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I'm reading about MinHash technique to estimate the similarity between 2 sets: Given set A and B, h is the hash function and $h_\min(S)$ is the minimum hash of set S, i.e. $h_\min(S) = \min(h(s))$ for s in S. We have the equation: $$ p(h_\min(A) = h_\min(B)) = \frac{|A \cap B|}{|A \cup B|} $$ Which means the probability that minimum hash of A equals to minimum hash of B is the Jaccard similarity of $A$ and $B$.

I am trying to prove above equation and come up with a proof, which is: for $a \in A$ and $b \in B$ such that $h(a) = h_\min(A)$ and $h(b) = h_\min(B)$. So, if $h_\min(A) = h_\min(B)$ then $h(a) = h(b)$. Assume that hash function h can hash keys to distinct hash value, so $h(a) = h(b)$ if and only if $a = b$, which means the probability is $\frac{|A \cap B|}{|A \cup B|}$. However, my proof is not complete since hash function can return the same value for different keys. So, I'm asking for your help to find a proof which can be applied regardless the hash function.

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  • $\begingroup$ It often pays off to take ridiculous corner cases: If you take $h(a) = 1$ for all $a$, the result is clearly false; while it is true if the hash function is perfect (returns different values for each $a$). Thus the probability of a collision plays a rôle here. $\endgroup$ – vonbrand Apr 12 '13 at 13:56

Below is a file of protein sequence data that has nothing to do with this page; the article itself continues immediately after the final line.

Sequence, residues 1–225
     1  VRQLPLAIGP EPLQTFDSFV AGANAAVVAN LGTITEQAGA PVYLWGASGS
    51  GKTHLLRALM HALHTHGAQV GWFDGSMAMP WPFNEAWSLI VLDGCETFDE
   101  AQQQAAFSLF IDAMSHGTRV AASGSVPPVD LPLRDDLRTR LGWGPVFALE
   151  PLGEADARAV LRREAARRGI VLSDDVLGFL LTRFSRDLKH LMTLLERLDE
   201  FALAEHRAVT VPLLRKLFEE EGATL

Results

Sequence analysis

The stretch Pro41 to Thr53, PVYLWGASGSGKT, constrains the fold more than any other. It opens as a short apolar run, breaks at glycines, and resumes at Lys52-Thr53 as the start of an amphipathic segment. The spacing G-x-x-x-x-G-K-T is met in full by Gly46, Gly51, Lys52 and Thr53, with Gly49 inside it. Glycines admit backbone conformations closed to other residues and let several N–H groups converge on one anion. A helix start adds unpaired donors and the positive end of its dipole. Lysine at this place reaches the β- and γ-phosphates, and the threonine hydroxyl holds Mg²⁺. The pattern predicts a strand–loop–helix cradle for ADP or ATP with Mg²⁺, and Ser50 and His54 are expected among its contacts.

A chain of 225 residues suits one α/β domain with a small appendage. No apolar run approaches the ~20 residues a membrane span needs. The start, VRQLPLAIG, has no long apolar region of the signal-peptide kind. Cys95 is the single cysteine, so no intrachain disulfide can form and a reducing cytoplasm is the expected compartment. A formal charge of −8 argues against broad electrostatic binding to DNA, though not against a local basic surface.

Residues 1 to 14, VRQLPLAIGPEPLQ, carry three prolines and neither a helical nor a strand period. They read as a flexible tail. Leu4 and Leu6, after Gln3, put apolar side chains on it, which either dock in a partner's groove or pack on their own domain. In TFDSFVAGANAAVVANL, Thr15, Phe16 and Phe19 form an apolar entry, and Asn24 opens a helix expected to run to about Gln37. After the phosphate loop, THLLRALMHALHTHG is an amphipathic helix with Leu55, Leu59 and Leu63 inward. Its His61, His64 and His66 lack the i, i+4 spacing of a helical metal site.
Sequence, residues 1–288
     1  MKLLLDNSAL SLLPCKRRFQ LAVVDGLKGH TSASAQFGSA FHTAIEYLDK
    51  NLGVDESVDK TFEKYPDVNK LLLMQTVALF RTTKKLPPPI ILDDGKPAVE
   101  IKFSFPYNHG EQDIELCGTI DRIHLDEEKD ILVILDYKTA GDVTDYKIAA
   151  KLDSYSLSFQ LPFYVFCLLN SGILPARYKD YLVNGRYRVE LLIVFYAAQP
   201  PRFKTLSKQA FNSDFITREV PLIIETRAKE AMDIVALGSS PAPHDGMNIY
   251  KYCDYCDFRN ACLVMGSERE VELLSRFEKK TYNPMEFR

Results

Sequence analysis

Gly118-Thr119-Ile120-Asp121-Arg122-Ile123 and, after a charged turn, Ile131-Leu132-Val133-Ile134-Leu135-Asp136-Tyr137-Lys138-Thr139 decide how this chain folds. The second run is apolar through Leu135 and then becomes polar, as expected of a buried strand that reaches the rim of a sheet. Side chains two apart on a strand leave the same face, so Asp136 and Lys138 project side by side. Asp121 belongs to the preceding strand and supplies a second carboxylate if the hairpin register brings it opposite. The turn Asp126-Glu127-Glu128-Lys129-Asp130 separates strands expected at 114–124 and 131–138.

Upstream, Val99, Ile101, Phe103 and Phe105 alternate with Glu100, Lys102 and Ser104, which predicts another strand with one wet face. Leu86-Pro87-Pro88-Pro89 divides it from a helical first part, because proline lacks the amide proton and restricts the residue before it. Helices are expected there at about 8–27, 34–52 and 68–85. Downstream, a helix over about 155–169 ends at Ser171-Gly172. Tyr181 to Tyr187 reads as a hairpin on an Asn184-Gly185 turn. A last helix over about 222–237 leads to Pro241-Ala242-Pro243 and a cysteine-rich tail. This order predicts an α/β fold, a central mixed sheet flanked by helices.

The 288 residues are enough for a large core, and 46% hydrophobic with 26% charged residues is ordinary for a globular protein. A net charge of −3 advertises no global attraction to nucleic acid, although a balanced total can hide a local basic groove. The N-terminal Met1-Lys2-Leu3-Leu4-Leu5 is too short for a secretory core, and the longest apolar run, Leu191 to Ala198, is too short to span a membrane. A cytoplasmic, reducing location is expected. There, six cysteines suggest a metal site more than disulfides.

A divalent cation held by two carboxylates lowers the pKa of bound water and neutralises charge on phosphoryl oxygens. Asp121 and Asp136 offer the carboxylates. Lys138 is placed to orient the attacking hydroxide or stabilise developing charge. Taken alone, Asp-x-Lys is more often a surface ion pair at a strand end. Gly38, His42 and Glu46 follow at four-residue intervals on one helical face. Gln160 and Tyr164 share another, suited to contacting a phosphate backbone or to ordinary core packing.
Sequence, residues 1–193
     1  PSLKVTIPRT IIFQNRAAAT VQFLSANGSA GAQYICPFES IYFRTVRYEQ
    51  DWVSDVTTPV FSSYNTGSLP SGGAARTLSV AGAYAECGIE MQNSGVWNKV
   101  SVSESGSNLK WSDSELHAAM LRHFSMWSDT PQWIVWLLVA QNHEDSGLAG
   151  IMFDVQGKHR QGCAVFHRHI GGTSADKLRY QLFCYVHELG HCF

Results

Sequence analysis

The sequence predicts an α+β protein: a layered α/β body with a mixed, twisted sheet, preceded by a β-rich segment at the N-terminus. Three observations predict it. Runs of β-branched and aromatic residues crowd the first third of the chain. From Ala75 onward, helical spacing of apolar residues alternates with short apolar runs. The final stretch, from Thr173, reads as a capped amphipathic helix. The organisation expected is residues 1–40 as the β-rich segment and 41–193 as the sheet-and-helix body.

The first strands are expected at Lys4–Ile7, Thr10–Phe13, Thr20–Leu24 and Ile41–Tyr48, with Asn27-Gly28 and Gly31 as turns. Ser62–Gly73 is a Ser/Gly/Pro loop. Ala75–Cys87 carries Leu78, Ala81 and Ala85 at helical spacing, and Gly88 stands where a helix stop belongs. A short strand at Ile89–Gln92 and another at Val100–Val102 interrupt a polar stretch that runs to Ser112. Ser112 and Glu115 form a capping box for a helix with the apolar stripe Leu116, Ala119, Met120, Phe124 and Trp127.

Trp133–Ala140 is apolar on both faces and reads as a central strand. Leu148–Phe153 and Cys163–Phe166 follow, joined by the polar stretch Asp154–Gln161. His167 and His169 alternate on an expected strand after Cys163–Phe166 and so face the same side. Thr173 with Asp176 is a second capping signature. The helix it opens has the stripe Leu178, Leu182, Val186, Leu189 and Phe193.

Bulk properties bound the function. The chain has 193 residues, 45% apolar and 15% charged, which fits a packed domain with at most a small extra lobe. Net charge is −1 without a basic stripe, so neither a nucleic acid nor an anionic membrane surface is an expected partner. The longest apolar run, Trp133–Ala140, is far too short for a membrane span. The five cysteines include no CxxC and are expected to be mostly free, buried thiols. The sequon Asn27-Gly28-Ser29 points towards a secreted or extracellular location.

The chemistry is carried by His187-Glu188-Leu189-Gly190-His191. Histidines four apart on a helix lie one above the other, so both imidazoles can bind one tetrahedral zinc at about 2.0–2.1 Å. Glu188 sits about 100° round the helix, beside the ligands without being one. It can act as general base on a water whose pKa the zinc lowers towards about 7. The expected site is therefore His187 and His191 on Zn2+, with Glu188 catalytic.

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Min-hash are not just (standard) hash functions, but a family of functions $\cal H$, such that if you randomly pick one function $h\leftarrow \mathcal{H}$ out of the family, it will satisfy the requirement you have in your question.

Check "Min-wise independent permutations" by Broder, Charikar, Frieze and Mitzenmacher, 2000. They define this notion and analyze it in a very simple way to follow.

From a practical point of view, you usually have a bound on the size of the sets you use (say $2^{256}$, probably more than the number of atoms in the universe). Then, a 256bits output is enough to have hash-functions that are permutations (and clearly, the set of all the permutations is a good family of min-hash functions..) So the problem is not the output length, but how many functions are there in the min-hash family, so that if you pick one at random, you get the probability that any element is the minimum exactly $1/2^{256}$.

To overcome the huge set of hash-functions (there are $256! \gg 2^{256}$ permutations of 256 bits..), they relax the requirements on the probability of the min-hash and get an approximated notion of $\epsilon$-min-hash, which guarantees that $$\Pr_{h\leftarrow {\cal H}}[h(A)=h(B)] = \frac{|A\cap B|}{|A\cup B|}\pm \epsilon$$ which is more useful from efficiency perspective (the set $\mathcal{H}$ is smaller and easier to get).

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